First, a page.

Effects of summer cultivation and fertilization timing on large patch in zoysiagrass
Large patch disease in zoysiagrass has become more of a concern as use of the turfgrass has increased on golf courses.
Ken Obasa, Ph.D.; Jack Fry, Ph.D.; Dale Bremer, Ph.D.; Rodney St. John, Ph.D.; and Megan Kennelly, Ph.D.
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Patches in large patch disease range in size from a few feet across
to 20 feet or more in diameter.
Photos by Megan Kennelly
is being used increasingly often in golf course fairways and greens. Large
patch, caused by Rhizoctonia solani AG 2-2 LP, is a common and severe
disease of zoysiagrass. Patches range in size from a few feet across to 20 feet
or more in diameter. On individual plants, the leaf blades develop a
yelloworange color with rotting on the leaf sheaths. Large patch symptom
development in zoysiagrass is favored by relatively cool and humid weather. In
Kansas, large patch symptoms develop primarily in April-May and occasionally in
September-October. Compacted and poorly drained soils and excessive and prolonged
wetness near the leaf surface are optimal conditions for the development of large
On individual zoysiagrass plants affected by large patch disease, the leaf blades develop a yellow-orange color with rotting on the leaf sheaths.
large patch is primarily managed by fungicide application during fall and/ or
spring. Cultural management practices do not provide an acceptable level of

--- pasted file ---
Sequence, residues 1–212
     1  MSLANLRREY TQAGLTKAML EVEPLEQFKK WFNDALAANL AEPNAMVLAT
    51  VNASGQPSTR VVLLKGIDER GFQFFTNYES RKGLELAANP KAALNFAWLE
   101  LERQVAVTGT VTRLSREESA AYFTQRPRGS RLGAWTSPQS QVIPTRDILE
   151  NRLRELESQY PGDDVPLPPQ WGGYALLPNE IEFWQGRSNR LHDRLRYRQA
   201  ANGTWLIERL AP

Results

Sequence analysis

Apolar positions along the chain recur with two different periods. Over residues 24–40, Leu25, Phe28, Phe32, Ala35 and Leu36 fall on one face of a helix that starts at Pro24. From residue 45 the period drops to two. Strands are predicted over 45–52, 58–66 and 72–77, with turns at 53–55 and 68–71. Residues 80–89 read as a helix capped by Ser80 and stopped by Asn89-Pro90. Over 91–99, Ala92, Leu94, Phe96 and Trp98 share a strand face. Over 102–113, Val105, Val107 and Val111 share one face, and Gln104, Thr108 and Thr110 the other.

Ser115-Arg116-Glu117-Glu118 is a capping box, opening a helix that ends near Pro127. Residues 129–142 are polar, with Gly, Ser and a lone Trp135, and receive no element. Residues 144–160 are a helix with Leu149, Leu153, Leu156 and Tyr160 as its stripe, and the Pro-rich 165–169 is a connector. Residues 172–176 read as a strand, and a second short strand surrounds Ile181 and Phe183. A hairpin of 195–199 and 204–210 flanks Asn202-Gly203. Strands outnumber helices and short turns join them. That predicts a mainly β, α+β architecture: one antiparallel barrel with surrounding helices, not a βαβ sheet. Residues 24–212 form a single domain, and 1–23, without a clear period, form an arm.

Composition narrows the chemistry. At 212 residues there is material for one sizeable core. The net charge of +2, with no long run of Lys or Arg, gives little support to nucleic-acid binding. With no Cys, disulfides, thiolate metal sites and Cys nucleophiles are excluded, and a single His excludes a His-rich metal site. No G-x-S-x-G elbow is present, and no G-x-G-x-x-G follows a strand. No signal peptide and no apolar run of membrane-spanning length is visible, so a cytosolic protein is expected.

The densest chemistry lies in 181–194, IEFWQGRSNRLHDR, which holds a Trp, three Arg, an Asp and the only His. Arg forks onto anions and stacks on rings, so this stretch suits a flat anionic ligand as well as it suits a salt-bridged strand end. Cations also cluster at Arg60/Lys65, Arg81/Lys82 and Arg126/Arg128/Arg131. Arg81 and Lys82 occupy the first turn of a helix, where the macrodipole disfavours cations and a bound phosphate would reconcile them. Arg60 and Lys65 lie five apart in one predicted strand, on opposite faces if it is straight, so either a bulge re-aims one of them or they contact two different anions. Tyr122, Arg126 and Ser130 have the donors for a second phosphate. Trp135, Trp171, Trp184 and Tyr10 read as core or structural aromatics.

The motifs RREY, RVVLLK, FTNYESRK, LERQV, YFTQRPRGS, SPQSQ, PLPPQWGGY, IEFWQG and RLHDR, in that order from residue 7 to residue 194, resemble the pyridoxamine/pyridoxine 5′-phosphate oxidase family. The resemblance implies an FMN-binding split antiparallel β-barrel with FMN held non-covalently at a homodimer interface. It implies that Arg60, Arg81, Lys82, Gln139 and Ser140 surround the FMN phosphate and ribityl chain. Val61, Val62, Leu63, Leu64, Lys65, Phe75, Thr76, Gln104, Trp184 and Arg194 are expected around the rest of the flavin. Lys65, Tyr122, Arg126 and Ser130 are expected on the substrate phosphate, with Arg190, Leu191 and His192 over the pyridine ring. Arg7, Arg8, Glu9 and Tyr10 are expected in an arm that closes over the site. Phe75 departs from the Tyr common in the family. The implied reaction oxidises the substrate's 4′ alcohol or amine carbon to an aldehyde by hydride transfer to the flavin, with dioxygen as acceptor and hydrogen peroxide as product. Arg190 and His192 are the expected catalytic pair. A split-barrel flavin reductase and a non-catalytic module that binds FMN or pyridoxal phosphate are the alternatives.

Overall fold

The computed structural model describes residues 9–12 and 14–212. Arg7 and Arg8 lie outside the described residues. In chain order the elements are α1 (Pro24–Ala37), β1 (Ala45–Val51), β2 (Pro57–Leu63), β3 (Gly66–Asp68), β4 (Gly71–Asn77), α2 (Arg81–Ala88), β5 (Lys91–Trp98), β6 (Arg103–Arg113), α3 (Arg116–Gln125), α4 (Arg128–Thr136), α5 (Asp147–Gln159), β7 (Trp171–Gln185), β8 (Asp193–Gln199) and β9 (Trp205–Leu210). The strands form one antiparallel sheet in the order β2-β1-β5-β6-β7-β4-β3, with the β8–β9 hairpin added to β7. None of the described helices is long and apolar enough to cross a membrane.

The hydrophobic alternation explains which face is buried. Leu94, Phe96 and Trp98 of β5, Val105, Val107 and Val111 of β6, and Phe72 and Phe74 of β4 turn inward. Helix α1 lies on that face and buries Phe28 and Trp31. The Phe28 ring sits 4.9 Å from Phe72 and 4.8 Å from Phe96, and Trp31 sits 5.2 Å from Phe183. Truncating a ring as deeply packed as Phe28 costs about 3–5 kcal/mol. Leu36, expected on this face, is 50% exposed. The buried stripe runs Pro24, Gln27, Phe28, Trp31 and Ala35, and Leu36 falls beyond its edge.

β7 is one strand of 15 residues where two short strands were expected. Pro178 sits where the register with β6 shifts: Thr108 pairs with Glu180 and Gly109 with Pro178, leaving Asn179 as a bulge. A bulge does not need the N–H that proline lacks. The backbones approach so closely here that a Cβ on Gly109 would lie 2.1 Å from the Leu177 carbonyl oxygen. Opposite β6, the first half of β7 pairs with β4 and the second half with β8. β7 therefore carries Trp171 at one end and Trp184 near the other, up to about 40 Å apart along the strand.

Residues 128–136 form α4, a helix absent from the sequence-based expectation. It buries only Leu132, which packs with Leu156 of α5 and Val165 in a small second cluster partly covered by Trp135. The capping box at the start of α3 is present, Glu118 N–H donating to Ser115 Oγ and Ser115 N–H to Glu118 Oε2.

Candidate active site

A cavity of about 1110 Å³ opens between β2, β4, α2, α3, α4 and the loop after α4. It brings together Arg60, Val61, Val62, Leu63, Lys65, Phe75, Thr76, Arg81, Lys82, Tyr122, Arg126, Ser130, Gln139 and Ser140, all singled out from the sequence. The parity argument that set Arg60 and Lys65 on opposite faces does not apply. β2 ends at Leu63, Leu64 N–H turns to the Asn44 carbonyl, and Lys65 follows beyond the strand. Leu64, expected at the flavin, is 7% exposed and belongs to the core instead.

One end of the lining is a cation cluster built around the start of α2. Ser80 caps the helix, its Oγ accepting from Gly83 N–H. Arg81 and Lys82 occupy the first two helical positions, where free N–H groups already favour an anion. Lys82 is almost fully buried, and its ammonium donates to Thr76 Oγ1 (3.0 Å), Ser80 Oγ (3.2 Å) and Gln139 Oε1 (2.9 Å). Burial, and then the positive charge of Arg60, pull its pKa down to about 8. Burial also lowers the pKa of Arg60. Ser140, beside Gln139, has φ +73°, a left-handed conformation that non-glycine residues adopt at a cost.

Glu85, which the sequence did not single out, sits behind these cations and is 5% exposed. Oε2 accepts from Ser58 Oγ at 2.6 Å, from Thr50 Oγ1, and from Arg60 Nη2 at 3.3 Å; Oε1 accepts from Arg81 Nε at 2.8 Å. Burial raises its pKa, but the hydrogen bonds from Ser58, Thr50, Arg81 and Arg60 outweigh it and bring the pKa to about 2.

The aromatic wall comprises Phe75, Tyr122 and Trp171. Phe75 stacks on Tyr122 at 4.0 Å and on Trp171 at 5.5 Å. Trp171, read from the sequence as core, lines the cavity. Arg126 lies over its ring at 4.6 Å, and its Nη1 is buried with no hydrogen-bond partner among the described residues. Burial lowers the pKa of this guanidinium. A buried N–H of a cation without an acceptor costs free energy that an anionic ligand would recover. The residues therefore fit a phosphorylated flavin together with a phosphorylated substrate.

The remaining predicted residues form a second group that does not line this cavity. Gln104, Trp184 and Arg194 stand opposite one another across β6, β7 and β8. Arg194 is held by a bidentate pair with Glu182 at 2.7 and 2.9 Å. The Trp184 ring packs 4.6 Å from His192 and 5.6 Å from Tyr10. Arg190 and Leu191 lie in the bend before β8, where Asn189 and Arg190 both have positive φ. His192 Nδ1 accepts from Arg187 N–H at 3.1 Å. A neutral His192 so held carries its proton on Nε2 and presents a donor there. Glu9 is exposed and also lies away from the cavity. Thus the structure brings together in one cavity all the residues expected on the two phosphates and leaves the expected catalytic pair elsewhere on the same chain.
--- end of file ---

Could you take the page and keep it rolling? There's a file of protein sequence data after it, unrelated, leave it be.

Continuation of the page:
disease control, and few studies have examined the effects of cultural
practices. Previous studies (2) have examined the effects of mowing height,
nitrogen source and nitrogen application rates on large patch development and
severity on zoysiagrass. They found that lower mowing heights resulted in more
severe disease. In addition, large patch was not affected by nitrogen source
(urea, urea formaldehyde, poultry litter, sewage sludge or bovine waste) or the
two different application rates of 1.5 or 3.0 pounds nitrogen/1,000 square feet
(7.32 or 14.64 grams/square meter) per year. The authors did not, however,
study the effect of different fertilization timings such as early spring or
late fall applications that may be used to prolong the length of season when the
turf is green.
The Rhizoctonia solani pathogen was grown
in the laboratory and then transferred to glass jars
of sterile oats, where it was allowed to grow
for two weeks before use.
leads to improved soil moisture and oxygen conditions, resulting in improved
root growth as well as increased microbial activity that is essential to the
biodegradation of thatch. Aerating zoysiagrass turf in early spring when large
patch is active has been anecdotally reported to result in new satellite
infections on healthy turf by infected cores. The effects of cultivation in